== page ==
This Op-Ed by Becky Robinson was published in the Asbury Park Press on March 5, 2020.

Imagine having the tips of all your fingers amputated all the way up to the first knuckles. Sounds terrible, doesn’t it? Now imagine it happening to a beloved pet. That’s what cat declawing is.

Declawing unfortunately became common with veterinarians in the United States after its invention in the 1950s, even though the surgery is elective and non-therapeutic. There are no medical benefits for a cat.

However, the tide is turning, and New Jersey now has a chance to become a leader. More Americans are standing against cat declawing — including several state lawmakers in New Jersey. Sen. Troy Singleton and Assemblywoman Carol Murphy, both D-Burlington, and several cosponsors understand the long-term harm caused by declawing, and have proposed critical legislation that would outlaw it statewide (A1087, S920).

Formally called onychectomy, declawing is the amputation of the last joint of a cat’s toes by a veterinarian. In addition to immediate pain and discomfort, declawing can cause permanent mental and physical damage that leads to major problems for cats.

Many declawed cats avoid the litter box because the litter hurts their painful paws. They are more likely to bite and exhibit increased aggression because they have lost their natural means of self-defense. Declawing also leads to chronic pain, arthritis, back problems and balance problems in cats. You would have a hard time standing, too, if you lost the ends of all your toes.

Some claim that declawing is necessary to keep cats in homes. Yet a recent study found that the behavioral issues and medical costs, which are direct consequences of declawing, are the primary reasons people relinquish their cats to animal shelters. Furthermore, in the U.S. cities where declawing is banned, the relinquishment of cats to shelters has actually decreased. In short, declawing leads to more cats being killed in shelters, not less.

Claws, an extremely important part of cats’ anatomy, are essential to expressing natural behaviors, which include scratching. To protect furniture, cats can easily be trained to use cat scratching posts or appropriate scratching surfaces instead, or deterrent sprays and nail caps can be utilized.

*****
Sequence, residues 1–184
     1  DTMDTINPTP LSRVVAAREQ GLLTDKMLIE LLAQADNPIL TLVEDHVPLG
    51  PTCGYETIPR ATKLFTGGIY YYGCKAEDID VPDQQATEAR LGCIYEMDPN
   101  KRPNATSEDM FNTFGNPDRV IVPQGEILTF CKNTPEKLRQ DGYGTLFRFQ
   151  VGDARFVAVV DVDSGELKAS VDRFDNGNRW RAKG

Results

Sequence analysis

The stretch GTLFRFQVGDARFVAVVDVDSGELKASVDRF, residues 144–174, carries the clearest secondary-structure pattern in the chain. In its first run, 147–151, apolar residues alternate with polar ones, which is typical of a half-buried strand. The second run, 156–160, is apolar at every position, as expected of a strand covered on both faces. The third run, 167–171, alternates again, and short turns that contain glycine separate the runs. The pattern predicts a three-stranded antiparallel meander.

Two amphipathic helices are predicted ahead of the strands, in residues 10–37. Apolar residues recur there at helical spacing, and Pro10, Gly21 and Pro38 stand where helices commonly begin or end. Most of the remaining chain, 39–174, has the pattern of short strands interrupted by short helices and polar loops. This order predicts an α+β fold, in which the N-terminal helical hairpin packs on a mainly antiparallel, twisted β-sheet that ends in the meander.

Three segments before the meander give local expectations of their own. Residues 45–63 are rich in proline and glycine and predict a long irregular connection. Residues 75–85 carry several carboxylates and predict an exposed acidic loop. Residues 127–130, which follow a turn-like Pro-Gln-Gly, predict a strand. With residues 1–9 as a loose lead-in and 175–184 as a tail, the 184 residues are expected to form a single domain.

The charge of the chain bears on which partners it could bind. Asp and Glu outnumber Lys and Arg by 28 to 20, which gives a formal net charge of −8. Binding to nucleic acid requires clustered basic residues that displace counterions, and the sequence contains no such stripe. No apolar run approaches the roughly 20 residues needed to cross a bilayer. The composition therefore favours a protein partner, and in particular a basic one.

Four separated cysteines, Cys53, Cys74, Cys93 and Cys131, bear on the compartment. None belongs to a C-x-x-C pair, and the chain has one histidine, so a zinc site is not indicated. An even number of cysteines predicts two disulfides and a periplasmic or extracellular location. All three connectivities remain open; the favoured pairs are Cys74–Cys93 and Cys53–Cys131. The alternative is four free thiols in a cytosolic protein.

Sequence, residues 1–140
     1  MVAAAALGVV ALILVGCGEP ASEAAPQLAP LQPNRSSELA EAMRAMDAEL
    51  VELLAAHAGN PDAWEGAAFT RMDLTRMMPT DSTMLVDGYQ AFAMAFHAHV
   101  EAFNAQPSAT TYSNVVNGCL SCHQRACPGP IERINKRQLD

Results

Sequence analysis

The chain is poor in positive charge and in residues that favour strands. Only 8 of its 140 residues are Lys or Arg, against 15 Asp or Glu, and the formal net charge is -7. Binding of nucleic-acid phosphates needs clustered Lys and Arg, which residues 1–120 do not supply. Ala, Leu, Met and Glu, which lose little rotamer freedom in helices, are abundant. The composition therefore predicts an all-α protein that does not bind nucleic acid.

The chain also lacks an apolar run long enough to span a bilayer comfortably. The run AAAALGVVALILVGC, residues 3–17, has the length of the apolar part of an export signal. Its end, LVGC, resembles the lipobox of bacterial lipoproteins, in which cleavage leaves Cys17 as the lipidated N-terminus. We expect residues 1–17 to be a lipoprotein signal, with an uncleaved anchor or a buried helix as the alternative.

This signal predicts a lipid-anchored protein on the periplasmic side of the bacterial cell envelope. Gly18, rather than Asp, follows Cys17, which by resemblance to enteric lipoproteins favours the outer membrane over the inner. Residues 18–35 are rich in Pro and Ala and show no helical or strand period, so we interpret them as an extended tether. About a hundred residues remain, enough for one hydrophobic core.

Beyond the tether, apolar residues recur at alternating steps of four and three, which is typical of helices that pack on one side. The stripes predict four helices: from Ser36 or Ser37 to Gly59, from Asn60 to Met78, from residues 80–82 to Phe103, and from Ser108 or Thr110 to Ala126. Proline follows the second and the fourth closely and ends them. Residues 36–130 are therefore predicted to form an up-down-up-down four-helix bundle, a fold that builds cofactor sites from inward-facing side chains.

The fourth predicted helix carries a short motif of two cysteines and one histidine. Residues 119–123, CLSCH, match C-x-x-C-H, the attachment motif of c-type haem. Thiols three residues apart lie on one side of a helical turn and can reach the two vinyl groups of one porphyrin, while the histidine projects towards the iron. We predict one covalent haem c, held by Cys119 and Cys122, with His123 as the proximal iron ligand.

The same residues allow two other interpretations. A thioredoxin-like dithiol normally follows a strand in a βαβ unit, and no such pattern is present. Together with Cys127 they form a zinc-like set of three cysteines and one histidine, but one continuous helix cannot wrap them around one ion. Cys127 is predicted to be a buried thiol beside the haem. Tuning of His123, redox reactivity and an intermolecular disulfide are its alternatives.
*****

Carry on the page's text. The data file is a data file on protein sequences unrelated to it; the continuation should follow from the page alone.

Declawing will also not protect the health of people who share their homes with cats. Top human health experts, including the Centers for Disease Control and Prevention, the National Institutes of Health and the U.S. Public Health Service, do not advise declawing cats to benefit human health, even for people who are severely immuno-compromised.

Considering all these factors, it’s no mystery why declawing is falling out of favor among leading veterinary groups. Most animal shelters and adoption organizations now have a “don’t declaw” agreement in their adoption applications for cats. More than half of U.S. veterinary schools no longer include onychectomy in their core curriculum. Banfield, VCA and BluePearl pet hospitals, each of which have hospitals in New Jersey, and thousands of veterinarians all over the U.S. and Canada have all taken positions against declawing. So has the American Association of Feline Practitioners (AAFP).

New York became the first state to outlaw cat declawing last year. Declawing is also banned in 10 major U.S. cities, including Los Angeles, San Francisco, Denver and St. Louis. Seven other states are also currently considering declaw bans. Now New Jersey has the chance to be the second state in the nation to ban declawing.

This state has an admirable history of implementing policies for the humane treatment of cats. Now, it’s time to take the next big step. I urge state lawmakers to vote to end cat declawing in the state, and for Gov. Murphy to sign the measure into law.

Becky Robinson is president and founder of Alley Cat Allies, a worldwide organization that works to protect the lives of cats.